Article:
David Chiu, 32, of Brooklyn, said he was pleased by his decision to enroll. “The professors I’ve had are experienced and the students are bright and full of energy.” Chiu, who worked as a freelance contributor for such publications as The New York Times and Rolling Stone, added: “I’m totally learning a lot here.”
Jose Moreno, 23, of Yonkers, said he was struck by the School’s state-of-the art facility. “It’s really big and spacious,” he said. “Everything seems technologically advanced.”
The school offers a three-semester program leading to a Masters of Arts degree. This program includes the nuts and bolts of reporting, writing and editing; research methodology, and legal and ethical issues in journalism. All students concentrate in one of four subject areas, to give them deep knowledge in an area of specialty. While students select whether to focus on print, broadcast or interactive media, they all will be exposed to multiple media formats, to prepare for a workplace of converged media formats.
Other distinguishing features of the program include a summer internship at a media organization (unpaid internships are subsidized by the School), a NYC Community News Service that will distribute student stories to news outlets across the NYC region, and a partnership with CUNY TV, a 24/7 cable television outlet that reaches 2 million viewers, which will air the best student stories and offer student internships.
All faculty at the CUNY Graduate School of Journalism are practicing journalists with years of experience on national publications and broadcast outlets; three are Pulitzer Prize winners. The first-year faculty includes seven full-time professors, six adjunct professors and five consortial faculty members attached to another CUNY campus.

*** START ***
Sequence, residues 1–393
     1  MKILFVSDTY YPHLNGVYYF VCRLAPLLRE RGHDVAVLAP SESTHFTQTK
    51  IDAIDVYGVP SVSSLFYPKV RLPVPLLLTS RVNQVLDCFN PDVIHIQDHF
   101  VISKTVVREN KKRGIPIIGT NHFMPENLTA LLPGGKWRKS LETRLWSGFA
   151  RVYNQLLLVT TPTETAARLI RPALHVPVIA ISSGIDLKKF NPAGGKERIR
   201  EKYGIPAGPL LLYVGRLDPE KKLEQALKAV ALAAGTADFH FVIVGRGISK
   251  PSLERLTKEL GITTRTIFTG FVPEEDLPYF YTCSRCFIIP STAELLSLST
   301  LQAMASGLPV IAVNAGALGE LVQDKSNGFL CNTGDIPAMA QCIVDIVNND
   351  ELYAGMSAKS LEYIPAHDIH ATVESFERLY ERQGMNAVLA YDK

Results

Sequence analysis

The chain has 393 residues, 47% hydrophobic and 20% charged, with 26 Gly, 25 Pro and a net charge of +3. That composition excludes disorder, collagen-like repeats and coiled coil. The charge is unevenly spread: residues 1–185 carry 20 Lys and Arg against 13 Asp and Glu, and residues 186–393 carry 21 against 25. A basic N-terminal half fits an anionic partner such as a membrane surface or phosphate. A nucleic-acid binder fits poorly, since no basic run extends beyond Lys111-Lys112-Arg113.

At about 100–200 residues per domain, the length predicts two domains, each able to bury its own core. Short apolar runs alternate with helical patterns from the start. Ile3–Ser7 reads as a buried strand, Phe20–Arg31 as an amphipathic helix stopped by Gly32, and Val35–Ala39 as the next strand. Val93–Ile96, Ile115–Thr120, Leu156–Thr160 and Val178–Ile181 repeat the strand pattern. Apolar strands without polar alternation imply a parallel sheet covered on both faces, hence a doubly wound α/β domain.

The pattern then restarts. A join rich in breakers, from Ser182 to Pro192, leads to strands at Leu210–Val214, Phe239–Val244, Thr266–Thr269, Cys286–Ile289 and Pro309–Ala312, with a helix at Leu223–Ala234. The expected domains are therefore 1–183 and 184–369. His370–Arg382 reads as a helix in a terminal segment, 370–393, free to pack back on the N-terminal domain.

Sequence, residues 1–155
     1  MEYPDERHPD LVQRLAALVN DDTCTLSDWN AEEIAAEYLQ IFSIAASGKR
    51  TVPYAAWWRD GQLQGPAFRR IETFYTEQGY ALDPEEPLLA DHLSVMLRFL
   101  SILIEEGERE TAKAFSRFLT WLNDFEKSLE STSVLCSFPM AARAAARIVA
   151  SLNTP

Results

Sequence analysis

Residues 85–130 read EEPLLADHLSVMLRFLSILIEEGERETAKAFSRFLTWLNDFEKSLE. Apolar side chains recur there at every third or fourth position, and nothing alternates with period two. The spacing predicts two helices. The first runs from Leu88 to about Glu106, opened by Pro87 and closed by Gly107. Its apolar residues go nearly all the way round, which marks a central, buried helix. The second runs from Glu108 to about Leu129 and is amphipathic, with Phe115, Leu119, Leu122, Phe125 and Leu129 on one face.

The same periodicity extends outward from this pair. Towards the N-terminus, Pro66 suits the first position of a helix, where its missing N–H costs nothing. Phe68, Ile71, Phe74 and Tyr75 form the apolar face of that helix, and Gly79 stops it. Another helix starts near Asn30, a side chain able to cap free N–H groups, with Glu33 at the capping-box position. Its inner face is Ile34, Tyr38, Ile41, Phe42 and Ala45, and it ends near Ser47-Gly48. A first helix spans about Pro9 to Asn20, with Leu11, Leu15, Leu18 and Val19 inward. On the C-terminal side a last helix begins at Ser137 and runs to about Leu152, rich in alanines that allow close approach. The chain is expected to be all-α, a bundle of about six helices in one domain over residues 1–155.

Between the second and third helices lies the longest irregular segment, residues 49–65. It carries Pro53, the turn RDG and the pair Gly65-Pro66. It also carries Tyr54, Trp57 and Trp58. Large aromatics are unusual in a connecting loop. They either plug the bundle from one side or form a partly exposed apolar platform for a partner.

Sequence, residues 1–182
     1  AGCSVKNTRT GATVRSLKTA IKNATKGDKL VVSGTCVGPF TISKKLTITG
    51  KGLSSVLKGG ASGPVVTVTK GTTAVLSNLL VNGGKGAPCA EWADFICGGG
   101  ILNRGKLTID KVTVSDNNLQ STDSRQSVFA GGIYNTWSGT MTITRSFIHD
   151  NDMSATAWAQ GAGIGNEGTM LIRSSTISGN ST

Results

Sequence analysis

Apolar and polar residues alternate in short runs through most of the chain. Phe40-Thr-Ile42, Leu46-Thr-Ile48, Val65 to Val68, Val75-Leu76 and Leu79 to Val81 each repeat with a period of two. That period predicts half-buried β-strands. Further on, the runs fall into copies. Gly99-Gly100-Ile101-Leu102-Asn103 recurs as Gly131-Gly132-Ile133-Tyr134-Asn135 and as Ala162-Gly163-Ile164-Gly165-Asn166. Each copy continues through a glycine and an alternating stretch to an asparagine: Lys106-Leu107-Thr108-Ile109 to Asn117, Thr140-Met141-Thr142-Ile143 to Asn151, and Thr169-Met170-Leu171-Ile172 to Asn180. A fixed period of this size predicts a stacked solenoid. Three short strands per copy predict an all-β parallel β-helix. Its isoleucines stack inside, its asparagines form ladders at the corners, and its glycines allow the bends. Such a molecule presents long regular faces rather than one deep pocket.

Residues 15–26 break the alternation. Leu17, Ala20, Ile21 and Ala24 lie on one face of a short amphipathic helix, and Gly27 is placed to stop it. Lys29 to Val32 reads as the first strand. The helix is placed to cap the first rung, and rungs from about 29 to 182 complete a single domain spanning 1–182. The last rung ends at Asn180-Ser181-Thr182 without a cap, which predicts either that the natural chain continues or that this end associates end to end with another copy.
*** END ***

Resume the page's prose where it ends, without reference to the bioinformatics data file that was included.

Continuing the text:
The centerpiece of the facility, designed by Thomson Architects and constructed by John Gallin and Sons, is the wireless newsroom and the adjacent digital television and radio broadcast center that includes five editing suites and a 14-seat edit classroom. Classrooms can reach out anywhere in the world via wireless connectivity, teleconference, online interactivity and live streaming. Instructional space and furniture are flexible, to allow students to work in small teams, as an entire class, or individually.
The City University of New York is the nation’s largest urban public university: eleven senior colleges, six community colleges, the CUNY Honors College, the CUNY Graduate School and University Center, the CUNY Graduate School of Journalism, the CUNY Law School and the Sophie Davis School of Biomedical Education. The University serves more than 226,000 degree-credit students and 230,000 adult, continuing and professional education students. College Now, the University’s academic enrichment program for 32,500 high school students is offered at CUNY campuses and more than 200 high schools throughout the five boroughs of the City of New York. The University has launched an on-line baccalaureate degree through the School of Professional Studies and a new Teacher Academy offering free tuition for highly motivated mathematics and science majors who seek teaching careers in the city’s public schools.